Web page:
to death over a tunny story told
'New Patti' Never Took a
Lesson in Singing!
Galli (. urn is newest (stand opera
Idol und railed tho "new Pattl," but
never took a singing lesson. Her
study 111 music was devoted to the
piano. The new star 1b 'JO. She was
unknown ill the t'nilcd States six
months ago. She is the wife of Mar
quis Halll. portrait painter. She has
jusr. signed lor live grand opera sea
Evening Chat
Tim Gallihue saye he's not 'feard
To file, fer lio's a dimocrat.
If war's deciaired with Germany,
They'll know jlst where to find him at,
But Tim is like a lot o' folks,
'Twixt Fairmont and New York,
He's not so stuck on fitin'
As he is 011 raisin' pork.
I'll bet ten dollars o' my coin.
If things git purty scarry,
BAt Tim'll want to stay behind.
And run the commissary.
Not because lie's skeert,
Er eny thing like that.
But every ono 'at knows Tim
Knows he IS a dimocrat.
The "Drug Store Philosopher" has
a new plan for stopping the submarine
warfare. The heartless wretch wants
to electrocute the Bochs by stringing
a high tensidh cable under the "briny"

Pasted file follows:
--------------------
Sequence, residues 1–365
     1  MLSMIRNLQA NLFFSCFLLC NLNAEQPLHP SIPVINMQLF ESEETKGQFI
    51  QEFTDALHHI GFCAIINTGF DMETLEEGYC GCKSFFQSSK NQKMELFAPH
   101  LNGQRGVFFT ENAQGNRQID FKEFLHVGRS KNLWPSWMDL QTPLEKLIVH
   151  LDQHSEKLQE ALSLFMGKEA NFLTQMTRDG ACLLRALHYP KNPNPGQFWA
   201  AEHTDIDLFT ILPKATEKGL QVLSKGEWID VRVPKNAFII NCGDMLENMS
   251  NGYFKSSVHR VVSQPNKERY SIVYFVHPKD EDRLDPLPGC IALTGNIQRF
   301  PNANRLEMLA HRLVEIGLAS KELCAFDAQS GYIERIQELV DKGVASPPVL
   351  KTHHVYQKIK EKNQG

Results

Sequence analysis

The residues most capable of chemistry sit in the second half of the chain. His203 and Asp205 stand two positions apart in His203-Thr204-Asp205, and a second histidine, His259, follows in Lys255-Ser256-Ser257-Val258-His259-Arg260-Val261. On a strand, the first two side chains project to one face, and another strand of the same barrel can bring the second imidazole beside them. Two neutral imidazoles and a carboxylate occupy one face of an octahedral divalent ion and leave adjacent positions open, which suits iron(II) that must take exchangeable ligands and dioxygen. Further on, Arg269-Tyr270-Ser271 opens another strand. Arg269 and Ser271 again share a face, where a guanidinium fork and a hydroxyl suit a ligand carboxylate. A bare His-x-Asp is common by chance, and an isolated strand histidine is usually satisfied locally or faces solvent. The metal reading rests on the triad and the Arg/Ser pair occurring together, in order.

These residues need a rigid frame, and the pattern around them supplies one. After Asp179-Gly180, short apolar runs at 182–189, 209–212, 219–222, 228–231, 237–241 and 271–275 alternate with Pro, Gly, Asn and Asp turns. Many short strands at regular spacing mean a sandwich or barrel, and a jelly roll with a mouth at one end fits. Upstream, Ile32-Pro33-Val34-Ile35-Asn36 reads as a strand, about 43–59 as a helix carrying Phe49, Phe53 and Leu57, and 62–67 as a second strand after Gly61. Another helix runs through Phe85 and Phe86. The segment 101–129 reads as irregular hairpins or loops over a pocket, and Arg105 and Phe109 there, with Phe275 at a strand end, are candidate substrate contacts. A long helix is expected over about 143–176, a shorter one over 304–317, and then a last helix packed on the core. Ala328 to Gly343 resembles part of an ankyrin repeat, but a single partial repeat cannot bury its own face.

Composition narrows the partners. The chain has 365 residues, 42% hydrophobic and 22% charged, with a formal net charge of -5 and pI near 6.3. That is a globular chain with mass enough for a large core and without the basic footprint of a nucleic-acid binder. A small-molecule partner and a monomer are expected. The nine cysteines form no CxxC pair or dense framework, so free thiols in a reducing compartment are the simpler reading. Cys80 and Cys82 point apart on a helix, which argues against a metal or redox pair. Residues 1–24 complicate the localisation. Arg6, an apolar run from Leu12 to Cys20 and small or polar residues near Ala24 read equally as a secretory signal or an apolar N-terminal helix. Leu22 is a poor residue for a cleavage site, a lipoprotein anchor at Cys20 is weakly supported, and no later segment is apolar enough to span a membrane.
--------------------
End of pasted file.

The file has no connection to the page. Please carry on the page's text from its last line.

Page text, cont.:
where the submarine will "bump into
It." Bob Hood is to finance the scheme,
One of the distinct surprise-, to the
newcomer at the war, says a letter direct
fro nithe front, is to find iarks
singing over the frontline trenches.
Ono would think that birds of every
son nan long since ncen tlrlvou rat
from the war-zone. but. Instead, they
lurk in and about it lu great numbers.
Very often the sudden flight of a covey
from a secluded thicket or remnant
of wood has given the first signal of a
shrapnel attack.
The drumming of big guns the "pat
pat-patter-patter-patter" of machine
guns, the whirr and "bang" of "plum
puddings" and "rum jars" sent over by
the enemy trench mcrtars, seem tc
have lost all terror to the feathered
songsters. They chirp as gaily and
loudly over the muddy "Hue" as 11
there was no such thing in all the
world as war.
Tile British Tommy is very fond ol
pets. When he can safely do so he
throws crumbs over the parapet fot
the larks and it lie had his way would
fill up every nook and corner of the
trench with name sort of animal mas
cot. As it is, there is a strange mix
turo of pets and pests in these deep
cuttings in the earth?the outposts ol
battle ? where the men themselves
live a sort of animal life, it is a life
no human being was ever intended tc
live, and yet the health of the troops
is positively amazing.
Of all the trench pests, the rat, ol
course, by reason of his size, takes